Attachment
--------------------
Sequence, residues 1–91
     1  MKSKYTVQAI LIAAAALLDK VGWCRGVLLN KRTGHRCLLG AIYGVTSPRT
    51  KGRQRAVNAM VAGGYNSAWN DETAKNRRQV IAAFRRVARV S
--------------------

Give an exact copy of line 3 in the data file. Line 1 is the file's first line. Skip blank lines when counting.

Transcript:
    51  KGRQRAVNAM VAGGYNSAWN DETAKNRRQV IAAFRRVARV S